By Luther Campbell
By Kyle Munzenrieder
By Sabrina Rodriguez
By Trevor Bach
By Kyle Munzenrieder
By Kyle Munzenrieder
By Ryan Yousefi
By Sabrina Rodriguez
The transformation is complete, I am you, you am I, and boy is it confusing. When you went to Rose's Bar on South Beach recently to see For Squirrels and the new lineup of Natural Causes, you weren't sure whether to laugh, cry, or jack somebody's ass. You had more than one opportunity and more than a good reason to punch out some loser or another, so thank goodness you are old and tired and chill and that you didn't have your maniac, six-foot-four, 220-pound brothers with you, because they never show such restraint. You were soaked with sweat by the end of the Squirrels set, and you don't even dance. For once you couldn't even persuade yourself to stick around for all of the Causes's two-set show. You know that the ones doing the work -- the club management and the bands -- love a packed room, even if it is packed past any reasonable max cap and begins to feel more like Hell (the fictional hot place, not the defunct Thomas Kramer club) than what it is, which is essentially a really cool joint. You couldn't move, couldn't breathe, couldn't imagine ever going back to Rose's on a weekend night when a couple of major acts are billed. You regret having spent so much money, especially on tips, to endure so much pain, although the drink service, considering the conditions, was fine. You were shocked to learn a few days later that Ray Roberts, a guy you've known since you were six years old, was at the same show and you never even saw him through the dense pack of humanity, which resembled Tom Wolfe's descriptions of Beatles concerts where the outstretched arms morph into a giant pink octopus. You hate paying a cover charge and then having to pay three or four dollars for a beer, but you think Rose's, which never has a cover, might consider the idea to keep the riffraff out.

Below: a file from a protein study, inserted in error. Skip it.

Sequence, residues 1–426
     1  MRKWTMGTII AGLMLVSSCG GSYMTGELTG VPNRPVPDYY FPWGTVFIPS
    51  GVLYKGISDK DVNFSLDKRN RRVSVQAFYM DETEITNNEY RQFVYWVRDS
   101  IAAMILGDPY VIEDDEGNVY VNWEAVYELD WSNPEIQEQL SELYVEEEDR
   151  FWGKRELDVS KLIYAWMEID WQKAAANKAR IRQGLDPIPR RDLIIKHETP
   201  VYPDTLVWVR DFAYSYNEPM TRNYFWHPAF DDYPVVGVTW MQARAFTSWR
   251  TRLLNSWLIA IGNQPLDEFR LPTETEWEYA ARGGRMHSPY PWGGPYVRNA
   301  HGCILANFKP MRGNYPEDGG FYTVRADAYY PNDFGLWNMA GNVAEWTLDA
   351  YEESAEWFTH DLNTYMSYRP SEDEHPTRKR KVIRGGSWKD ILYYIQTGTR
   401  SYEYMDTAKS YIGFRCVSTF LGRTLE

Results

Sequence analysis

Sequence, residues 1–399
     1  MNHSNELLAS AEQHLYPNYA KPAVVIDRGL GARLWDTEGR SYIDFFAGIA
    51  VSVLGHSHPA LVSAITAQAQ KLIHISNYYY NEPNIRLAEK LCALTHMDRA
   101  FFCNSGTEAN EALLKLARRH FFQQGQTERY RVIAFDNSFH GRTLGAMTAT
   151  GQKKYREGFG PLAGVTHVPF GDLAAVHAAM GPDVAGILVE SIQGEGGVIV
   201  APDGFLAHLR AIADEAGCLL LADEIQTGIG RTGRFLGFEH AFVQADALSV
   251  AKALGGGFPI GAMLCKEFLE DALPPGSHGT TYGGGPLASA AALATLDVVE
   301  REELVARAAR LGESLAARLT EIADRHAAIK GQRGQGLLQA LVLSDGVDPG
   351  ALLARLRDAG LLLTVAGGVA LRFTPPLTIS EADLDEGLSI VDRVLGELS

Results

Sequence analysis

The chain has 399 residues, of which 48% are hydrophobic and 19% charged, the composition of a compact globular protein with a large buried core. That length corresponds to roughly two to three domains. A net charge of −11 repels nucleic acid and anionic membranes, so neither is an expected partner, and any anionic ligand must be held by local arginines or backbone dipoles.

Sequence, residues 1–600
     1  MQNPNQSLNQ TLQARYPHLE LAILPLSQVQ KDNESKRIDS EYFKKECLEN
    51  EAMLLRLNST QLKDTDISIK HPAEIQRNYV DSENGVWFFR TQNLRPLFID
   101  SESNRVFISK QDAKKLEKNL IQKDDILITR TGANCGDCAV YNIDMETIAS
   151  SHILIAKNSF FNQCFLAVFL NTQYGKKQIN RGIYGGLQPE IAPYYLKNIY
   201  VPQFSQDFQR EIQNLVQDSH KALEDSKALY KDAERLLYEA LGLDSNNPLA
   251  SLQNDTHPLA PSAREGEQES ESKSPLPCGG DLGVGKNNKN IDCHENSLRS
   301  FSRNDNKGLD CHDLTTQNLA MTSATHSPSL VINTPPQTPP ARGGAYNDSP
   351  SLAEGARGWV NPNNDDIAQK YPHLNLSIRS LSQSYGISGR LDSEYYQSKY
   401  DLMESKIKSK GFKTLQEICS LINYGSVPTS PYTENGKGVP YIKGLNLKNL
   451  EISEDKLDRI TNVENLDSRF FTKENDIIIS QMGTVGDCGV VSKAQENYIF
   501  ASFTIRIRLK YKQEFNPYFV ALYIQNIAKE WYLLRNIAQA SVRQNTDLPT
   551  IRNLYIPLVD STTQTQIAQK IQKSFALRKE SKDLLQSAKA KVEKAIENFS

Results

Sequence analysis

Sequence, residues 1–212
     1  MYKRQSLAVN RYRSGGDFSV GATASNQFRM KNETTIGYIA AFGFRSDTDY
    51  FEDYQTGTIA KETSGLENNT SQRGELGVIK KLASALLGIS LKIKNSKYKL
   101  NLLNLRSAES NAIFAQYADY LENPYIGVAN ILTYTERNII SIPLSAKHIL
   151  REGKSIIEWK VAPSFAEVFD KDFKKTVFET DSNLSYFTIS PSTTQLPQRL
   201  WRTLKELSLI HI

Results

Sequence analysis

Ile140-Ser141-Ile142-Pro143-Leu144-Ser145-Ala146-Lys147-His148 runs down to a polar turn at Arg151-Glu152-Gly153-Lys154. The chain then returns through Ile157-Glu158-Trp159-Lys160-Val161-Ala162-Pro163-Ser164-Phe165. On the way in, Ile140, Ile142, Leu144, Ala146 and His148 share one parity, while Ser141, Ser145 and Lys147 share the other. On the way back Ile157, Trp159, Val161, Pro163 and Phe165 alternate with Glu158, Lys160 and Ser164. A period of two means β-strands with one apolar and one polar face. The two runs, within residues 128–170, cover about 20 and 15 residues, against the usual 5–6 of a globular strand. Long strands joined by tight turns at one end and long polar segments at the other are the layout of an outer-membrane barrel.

As one of the members of Muse told you some time ago, "Music is the only place I fit in. When I go out, I feel like an oddball at all these clubs." The loved-by-those-who-know band fits in at the Talkhouse on Wednesday. Diane Ward will make a guest appearance, singing a tune with the Muse boys.
When For Squirrels play their first headline show in South Beach -- this Saturday at Rose's -- the opening act will be Diane Ward with Steve Sculley and Matt Sabatella.
So many women, so little time: Tomorrow (Friday) Valerie Archon, with her new band, plays at Nocturnal Cafe as Marianne Flemming's featured guests. Flemming hosts Fridays at the Nocturnal every week.
This Sunday's Wide Open Mike Night at Squeeze features Second Son, with I Don't Know headlining the following Sunday.
One of your fave bands, Electric Mojo -- and not just because the members are Bud-soaked fisherfolk -- is back in action, pumping its psychtroswampnasboogwoog rock outside Biker's Paradise at the corner of Grand and Commodore in the Grove tomorrow (Friday) at 10:00 p.m.
This Sunday Mr. Tasty and the Bread Healers gets toasty at Plus Five.